HSR Author Instructions Part 1: Aims and Scope

This post is part of a series explaining aspects of the author instructions (see also the checklist) for Health Services Research (HSR) as they existed circa March 2022. Each post quotes portions of the instructions and explains their import. Neither these posts nor the checklist are a substitute for reading and following the full set of instructions, which is expected of all authors for all submissions. 

This post focuses on portions of Section 1 of the author instructions, which includes some common reasons for desk rejection, as well as indicates the kinds of papers we do consider for publication.

Section 1.: “… We focus on methods, concepts, and results related to the financing, organization, delivery, evaluation, and outcomes of health services…”

This is, perhaps, the aspect of HSR‘s focus, vision, mission, and values that accounts for the most desk rejections. If a manuscript is not within this scope, it’s not a good fit for the journal.

Section 1.1: “…Areas of interest include … Studies that report on important new data sources … Studies on biological, behavioral, social, and political factors—including structural racism—in addition to health care, as determinants of health outcomes … Articles that advance health services research by developing, demonstrating, or rigorously validating qualitative and quantitative methods…”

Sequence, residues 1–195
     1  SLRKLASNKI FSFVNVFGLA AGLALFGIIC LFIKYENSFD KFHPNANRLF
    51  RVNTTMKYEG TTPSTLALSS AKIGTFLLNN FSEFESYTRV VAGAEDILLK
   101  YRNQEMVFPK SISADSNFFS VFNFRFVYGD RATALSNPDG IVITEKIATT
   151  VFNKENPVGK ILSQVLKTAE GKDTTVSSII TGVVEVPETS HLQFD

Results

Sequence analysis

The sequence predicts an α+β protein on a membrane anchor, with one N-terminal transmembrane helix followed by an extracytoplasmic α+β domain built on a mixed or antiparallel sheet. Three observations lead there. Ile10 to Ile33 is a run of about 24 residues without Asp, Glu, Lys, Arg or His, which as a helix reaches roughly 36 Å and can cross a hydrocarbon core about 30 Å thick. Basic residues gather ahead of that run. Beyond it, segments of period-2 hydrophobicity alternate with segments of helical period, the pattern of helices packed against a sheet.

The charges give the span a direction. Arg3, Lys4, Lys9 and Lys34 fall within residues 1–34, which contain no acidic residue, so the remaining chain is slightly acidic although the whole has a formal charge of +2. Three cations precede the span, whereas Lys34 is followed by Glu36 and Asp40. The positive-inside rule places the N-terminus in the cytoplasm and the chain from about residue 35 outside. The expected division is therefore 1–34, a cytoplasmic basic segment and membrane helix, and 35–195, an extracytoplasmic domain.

These are not the only areas of interest (read the full Section 1.1 of the author instructions). But these are worth pointing out to emphasize that HSR‘s scope includes papers on new data, non-health care factors that affect health outcomes, and methods articles.

Section 1.2: “HSR typically does not consider … Preliminary or scoping reviews … Case studies from a single site, in the absence of a reasonable argument for the generalizability … Simple pre-post (uncontrolled) studies … Studies whose most recent data are >5 years old unless the cover letter and manuscript provide a valid reason…”

These are all common reasons for desk rejections.

Section 1.3: “…[S]tudies of health services in countries other than the US [must include] direct, analytic comparison to US practices … The cover letter and Discussion section for any submission from outside the US should explain why the article is pertinent or salient to US health care.”

Also a common reason for desk rejection.

That’s it for Section 1, which is relatively short. Section 2 (Manuscript Formatting and Submission Requirements), on the other hand, is quite long and is covered in the next post of this series.

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